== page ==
Tuesday, June 28, 2016

This American Life: Tell Me I'm Fat.

This episode of This American Life, Tell Me I'm Fat, has been making the rounds on my social media pages. It was an emotional listen. A lot of my buddies who have been posting it have been posting it through a lens of feminism and body-shaming. To me, it's like, more of a nod. Yes, to a lot of the episode.

I am fat. I have been fat since the major depression of my early 20's, and though my weight fluctuates, I have been plus-sized since. I had eating disorders in order to sustain a +/- 140 pound body weight, and I'm not roughly twice that.

Over the last decade I've experience fat-shaming of all kinds. I've had strangers approach me with unsolicited weight-loss tips, I've been on the receiving end of sneers from both genders, and I have a few pointed anecdotes of encounters that upset me deeply.

There is such a thing as fatphobia. It is a fear, dislike or hatred for fat people, based on their being fat. I would argue gender and race compact that hatred. So, as a woman, I've read faces from women that told me they couldn't live if they were my size. That they plan on exercising twice as much, and infinitely more careful. I've seen the horror in their faces in a flicker. I've caught the eyes of men as they stared at my big boobs, or more often, not seen me at all. The eyes scan over the women in the area, who would they fuck, who can they ignore totally. Old. Old. Pregnant. Fat. Ding-ding, hot girl.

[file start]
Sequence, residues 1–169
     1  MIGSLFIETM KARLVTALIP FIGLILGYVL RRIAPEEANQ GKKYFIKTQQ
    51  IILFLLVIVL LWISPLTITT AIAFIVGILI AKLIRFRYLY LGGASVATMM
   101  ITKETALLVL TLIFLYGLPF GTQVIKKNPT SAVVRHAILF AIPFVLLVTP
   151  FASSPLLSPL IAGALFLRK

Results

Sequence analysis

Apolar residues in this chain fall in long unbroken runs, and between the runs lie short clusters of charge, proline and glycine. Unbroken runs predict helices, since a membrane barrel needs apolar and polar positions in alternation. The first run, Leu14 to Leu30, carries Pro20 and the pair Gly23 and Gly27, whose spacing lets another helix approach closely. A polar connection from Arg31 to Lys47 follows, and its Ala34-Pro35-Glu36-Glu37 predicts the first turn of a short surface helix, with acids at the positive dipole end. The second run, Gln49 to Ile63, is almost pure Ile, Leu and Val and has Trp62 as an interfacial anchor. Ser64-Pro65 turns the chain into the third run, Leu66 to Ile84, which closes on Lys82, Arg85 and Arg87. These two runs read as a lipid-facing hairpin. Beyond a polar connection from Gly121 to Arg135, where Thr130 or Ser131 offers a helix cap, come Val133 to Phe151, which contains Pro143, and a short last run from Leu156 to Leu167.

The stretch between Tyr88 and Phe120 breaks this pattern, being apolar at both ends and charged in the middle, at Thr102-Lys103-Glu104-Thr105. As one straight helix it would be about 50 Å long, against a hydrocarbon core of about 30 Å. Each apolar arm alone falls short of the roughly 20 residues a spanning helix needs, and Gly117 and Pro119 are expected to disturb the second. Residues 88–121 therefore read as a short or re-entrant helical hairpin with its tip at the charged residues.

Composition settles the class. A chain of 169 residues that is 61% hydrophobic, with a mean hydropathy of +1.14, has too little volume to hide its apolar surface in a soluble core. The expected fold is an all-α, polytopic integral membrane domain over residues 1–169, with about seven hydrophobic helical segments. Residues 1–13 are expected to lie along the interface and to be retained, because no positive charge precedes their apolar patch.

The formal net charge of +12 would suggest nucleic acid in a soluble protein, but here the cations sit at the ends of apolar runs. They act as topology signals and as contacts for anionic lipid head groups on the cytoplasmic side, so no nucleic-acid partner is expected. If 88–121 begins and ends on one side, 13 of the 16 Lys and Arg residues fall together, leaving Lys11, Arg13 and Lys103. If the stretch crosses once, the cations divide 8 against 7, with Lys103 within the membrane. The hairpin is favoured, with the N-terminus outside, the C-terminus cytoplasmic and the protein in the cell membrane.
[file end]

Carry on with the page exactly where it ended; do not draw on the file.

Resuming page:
First, I recognise myself in most of everything said in the conversations with Lindy West and Roxanne Gay. Ira's introduction starts strong too:
... complete strangers walk up to you on the street and tell you to lose weight. They shoot you dirty looks when they see ice cream in your shopping cart. They talk down to you like you're stupid about nutrition and calories, as if pretty much every fat person has not been around the block 500 times on that one already.
So many stories of this. So many examples. Lindy talks about her experiences with a boss/friend who has a shitty attitude about fat people, that he does not see as discriminatory or bigoted. I especially liked her segment on seeing the fat-activist / fat fashion representation on Tumblr. 
Lindy West - I mean, this was just my favourite one of these fat acceptance blogs ( a Tumblr called, "hey, fat chick!"). It was just that. It was just bright, happy, funny, smiling people wearing cute outfits. It's just, you're so used to seeing fat people presented as sad and apologetic. 
Ira Glass - And what did this do to you? What it do to see that?
Lindy West - I remember feeling like my brain was changing shape. It just had never occurred to me that you could just decide that you were allowed to be happy and live as a--
Ira Glass - As a fat person.
Lindy West - Yeah, exactly.
Lindy sounds like someone I would identify as body positive. She seems to accept her fatness, and gives herself permission to live life. After eventually confronting her boss publicly on her blog, she describes what it's like to be a fat woman, the odd reality of being both invisible in some regards but hyper-visible in the most obvious of ways.
Something lurched awake inside of me. A lifetime of being talked down to about nutrition, being kept secret by men I was dating, being both invisible and too visible finally foamed up and spilled over.
She calls him out on a lot of what he says, though it doesn't seem to change any of his views. She adds:
You know what's shameful? A complete lack of empathy.